This page lists all the site resources on Jeremiah by media type. If you click on any title the video, audio or document or a link to it should open up underneath.
From Annotated Old Testament Bibliography – 2016 by M. Daniel Carroll R., Hélène Dallaire, and Richard S. Hess (Denver Seminary).
*Allen, Leslie C. Jeremiah: A Commentary. OTL. Westminster John Knox, 2008. Well-informed detailed textual study focused primarily on the canonical form. Little theological reflection.
Brueggemann, Walter. A Commentary on Jeremiah: Exile and Homecoming. Eerdmans, 1998. Helpful commentary on sections with good expositional observations and insightful theological and ideological comments.
Craigie, Peter C., Page H. Kelley, and Joel F. Drinkard, Jr. Jeremiah 1-25. WBC 26. Word, 1991. Completed by the other authors after the death of Craigie. Accordingly, it is uneven in amount and quality of detail. Evangelical.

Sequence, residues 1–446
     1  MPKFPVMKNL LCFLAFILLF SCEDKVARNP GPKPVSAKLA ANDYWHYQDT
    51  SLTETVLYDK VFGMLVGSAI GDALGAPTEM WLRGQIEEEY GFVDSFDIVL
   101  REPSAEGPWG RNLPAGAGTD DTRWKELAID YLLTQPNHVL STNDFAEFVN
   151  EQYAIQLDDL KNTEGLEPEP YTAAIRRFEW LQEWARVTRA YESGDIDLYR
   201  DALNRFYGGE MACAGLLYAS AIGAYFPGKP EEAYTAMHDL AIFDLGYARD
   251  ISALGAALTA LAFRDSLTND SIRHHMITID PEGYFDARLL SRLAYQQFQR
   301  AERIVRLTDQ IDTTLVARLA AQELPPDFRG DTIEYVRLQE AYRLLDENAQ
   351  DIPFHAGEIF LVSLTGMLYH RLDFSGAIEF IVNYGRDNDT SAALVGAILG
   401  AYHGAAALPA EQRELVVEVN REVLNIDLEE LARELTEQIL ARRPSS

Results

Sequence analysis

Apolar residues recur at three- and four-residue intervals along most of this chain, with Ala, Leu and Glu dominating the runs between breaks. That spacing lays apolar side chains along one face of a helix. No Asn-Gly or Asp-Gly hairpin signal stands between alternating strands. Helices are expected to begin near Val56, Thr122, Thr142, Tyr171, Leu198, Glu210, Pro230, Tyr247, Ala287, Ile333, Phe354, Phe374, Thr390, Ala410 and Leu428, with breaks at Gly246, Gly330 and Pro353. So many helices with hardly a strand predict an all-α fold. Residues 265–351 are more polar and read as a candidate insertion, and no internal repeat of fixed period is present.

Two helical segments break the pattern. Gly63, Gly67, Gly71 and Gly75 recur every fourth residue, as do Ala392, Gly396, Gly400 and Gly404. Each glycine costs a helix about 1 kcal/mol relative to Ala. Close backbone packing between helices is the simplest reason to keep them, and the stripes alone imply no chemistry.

Dearman, J. Andrew. Jeremiah, Lamentations. NIVAC. Zondervan, 2002. Brief comments on text with primary focus on modern application. Evangelical.
*Fretheim, Terence E. Jeremiah. SHBC 15. Smyth & Helwys, 2002. Critically informed but not intrusive. Textual comments with substantive theological reflections by one of the more important Old Testament theologians of our time.
*Holladay, William L. Jeremiah 1-25; Jeremiah 26-52. Hermeneia. Fortress Press, 1986, 1989. A massive technical commentary with a wealth of textual and exegetical notes.
Keown, Gerald L., Pamela J. Scalise, and Thomas G. Smothers. Jeremiah 26-52. WBC 27. Word, 1995. See above under Craigie. Evangelical.
*King, Philip J. Jeremiah: An Archaeological Companion. Westminster John Knox, 1993. Very illuminating resource for understanding background to book.
Lalleman, Hetty. Jeremiah and Lamentations. TOTC 21. IVP Academic, 2013. Good, brief exegetical comments on the text. Evangelical.
Longman III, Tremper. Jeremiah, Lamentations. UBCS. Baker, 2008. (Formerly NIBC 14. Hendrickson, 2008). Solid mid-level exposition with footnotes on technical matters. Evangelical.
*Lundbom, Jack R. Jeremiah 1-20: A New Translation with Introduction and Commentary; Jeremiah 21-36; Jeremiah 37-52. AB 21A, 21B, 21C. Doubleday, 1999, 2004. An exhaustive work. Study of each passage divided into Rhetoric & Composition, Notes, and Message & Audience. Second volume contains several detailed appendices, the third a supplemental bibliography.